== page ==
I suggest you thank him and move on. If you have a strong suspicion, then be careful in the future.

5

There is no objective requirement to inform or thank the professor.

Given that your reasons for perhaps wanting to inform/thank this person are a bit suspect (maybe part of you wants to go "Nya nya, I got in, in spite of you"), it would be wise to limit your contact with this person as much as possible (but without drawing attention to yourself).

Just let all of this wash away with the tide. Not long from now you will be enrolled in a new program and you'll be able to forget all about this person.

  • Yes, simple manners dictate that when somebody does something for you because you asked them to, you at the very least offer thanks. – Scott Seidman May 12 '17 at 12:56
  • @ScottSeidman - Not sure why you said "yes" -- I actually advocated for not thanking the professor given the context, since it would be healthier to give this person a wide berth. – aparente001 May 13 '17 at 4:13
2

You seem to think that because you were not accepted at the lower ranking universities, this professor must have written a bad recomendation letter. You seem to fail to acknowledge the possibility that those other universities did not like your profile that much for whatever reason. It's also relevant to have in mind that admission process is a subjective matter, conducted by human beings with a lot of imperfections.

  • I didn't say I know he wrote a bad recomendation letter because I was rejected. There are reasons not mentioned and beyond the point of the question – user9219312 May 11 '17 at 20:32
  • This fails to answer the question at all - that is, should the OP notify the professor of his acceptance? And while he failed to acknowledge that other schools might have had their reasons for rejection, neither did he state otherwise. Seems you're reading more into the question than what was written... – tjbtech May 12 '17 at 0:09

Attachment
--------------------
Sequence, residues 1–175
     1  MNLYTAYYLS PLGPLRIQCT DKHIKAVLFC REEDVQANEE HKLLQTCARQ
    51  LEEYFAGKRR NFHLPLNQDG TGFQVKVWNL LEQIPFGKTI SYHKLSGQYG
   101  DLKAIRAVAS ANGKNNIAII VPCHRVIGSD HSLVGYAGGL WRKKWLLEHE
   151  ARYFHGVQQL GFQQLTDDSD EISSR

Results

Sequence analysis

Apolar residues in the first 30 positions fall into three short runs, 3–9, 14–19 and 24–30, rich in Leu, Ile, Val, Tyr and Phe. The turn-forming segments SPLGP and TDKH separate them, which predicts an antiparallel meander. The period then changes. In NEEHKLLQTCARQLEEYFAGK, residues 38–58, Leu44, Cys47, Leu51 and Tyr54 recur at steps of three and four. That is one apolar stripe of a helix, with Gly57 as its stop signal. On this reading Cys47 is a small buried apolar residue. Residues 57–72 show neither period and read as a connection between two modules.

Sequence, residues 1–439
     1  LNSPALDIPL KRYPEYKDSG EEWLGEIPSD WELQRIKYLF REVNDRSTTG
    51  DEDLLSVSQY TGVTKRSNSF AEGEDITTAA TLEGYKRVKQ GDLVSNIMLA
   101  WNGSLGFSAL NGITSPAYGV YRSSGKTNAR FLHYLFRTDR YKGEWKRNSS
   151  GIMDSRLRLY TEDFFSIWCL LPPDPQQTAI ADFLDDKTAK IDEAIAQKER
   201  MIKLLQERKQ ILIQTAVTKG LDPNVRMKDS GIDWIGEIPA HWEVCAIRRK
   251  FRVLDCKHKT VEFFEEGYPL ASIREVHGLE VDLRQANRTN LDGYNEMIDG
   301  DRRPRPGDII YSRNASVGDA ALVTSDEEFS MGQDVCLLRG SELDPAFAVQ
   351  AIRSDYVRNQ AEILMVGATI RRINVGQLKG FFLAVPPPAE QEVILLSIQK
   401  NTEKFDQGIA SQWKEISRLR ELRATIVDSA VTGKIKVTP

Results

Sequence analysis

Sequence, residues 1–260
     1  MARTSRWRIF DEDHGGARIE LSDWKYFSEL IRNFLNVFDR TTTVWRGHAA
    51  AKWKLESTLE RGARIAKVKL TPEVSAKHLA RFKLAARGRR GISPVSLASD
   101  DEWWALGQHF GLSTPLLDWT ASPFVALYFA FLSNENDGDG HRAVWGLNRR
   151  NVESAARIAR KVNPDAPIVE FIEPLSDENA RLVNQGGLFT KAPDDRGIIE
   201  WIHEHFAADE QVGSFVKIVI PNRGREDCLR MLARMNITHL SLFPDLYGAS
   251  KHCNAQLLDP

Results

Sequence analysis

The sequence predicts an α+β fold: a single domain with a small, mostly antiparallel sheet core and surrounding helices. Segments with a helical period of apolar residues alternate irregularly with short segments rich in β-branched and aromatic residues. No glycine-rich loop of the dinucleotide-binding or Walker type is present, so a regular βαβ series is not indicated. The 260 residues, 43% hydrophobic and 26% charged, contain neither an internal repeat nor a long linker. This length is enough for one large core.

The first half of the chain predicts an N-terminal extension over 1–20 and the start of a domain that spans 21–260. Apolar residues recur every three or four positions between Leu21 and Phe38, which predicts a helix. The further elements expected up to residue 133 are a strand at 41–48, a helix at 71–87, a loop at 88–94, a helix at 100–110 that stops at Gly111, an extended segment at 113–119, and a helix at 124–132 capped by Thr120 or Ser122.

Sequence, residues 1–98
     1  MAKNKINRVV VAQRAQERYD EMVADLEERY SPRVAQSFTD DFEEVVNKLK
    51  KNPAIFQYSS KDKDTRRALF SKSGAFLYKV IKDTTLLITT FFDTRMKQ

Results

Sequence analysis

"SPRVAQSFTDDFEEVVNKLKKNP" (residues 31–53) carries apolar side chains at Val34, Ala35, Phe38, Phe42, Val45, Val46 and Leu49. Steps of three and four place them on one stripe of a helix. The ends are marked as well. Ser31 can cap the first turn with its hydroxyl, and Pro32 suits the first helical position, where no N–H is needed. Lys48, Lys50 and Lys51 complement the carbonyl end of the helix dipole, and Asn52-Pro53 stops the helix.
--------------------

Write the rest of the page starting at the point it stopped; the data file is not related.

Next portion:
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    Well, he has received a lot of answers about the original question. I then explored this impression that I had while reading the question. – Shake Baby May 12 '17 at 4:05
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    @DannyBrowsku In fact, it's very clearly written in your question "so that only leaves me to assume that this top college did not weigh in so heavily on his recommendation letter to make their decision". This seems to imply that the only possibility is that the lower ranked colleges weighted heavily on the LoR. – Shake Baby May 12 '17 at 4:15
1

Yes it is a courtesy to inform recommendation letter writers about your results, more so when you've got a great admit.